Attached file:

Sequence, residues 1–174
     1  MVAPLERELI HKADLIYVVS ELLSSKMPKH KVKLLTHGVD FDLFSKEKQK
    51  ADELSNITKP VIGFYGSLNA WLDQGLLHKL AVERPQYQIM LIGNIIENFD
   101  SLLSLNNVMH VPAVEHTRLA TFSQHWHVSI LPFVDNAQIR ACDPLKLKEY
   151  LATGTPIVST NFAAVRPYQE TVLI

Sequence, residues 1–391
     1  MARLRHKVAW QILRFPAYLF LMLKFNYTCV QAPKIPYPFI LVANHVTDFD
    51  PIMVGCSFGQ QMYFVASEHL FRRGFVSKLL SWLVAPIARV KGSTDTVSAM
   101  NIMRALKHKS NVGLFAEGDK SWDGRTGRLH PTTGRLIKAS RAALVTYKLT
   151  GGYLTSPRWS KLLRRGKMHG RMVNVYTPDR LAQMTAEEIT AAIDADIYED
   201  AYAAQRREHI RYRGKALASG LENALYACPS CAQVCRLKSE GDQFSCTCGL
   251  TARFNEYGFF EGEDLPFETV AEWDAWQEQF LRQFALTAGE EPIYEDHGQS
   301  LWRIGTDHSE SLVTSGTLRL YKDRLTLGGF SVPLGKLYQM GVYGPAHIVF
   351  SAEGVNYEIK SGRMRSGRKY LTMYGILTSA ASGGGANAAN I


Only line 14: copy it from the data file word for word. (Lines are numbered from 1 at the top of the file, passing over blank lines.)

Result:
   351  SAEGVNYEIK SGRMRSGRKY LTMYGILTSA ASGGGANAAN I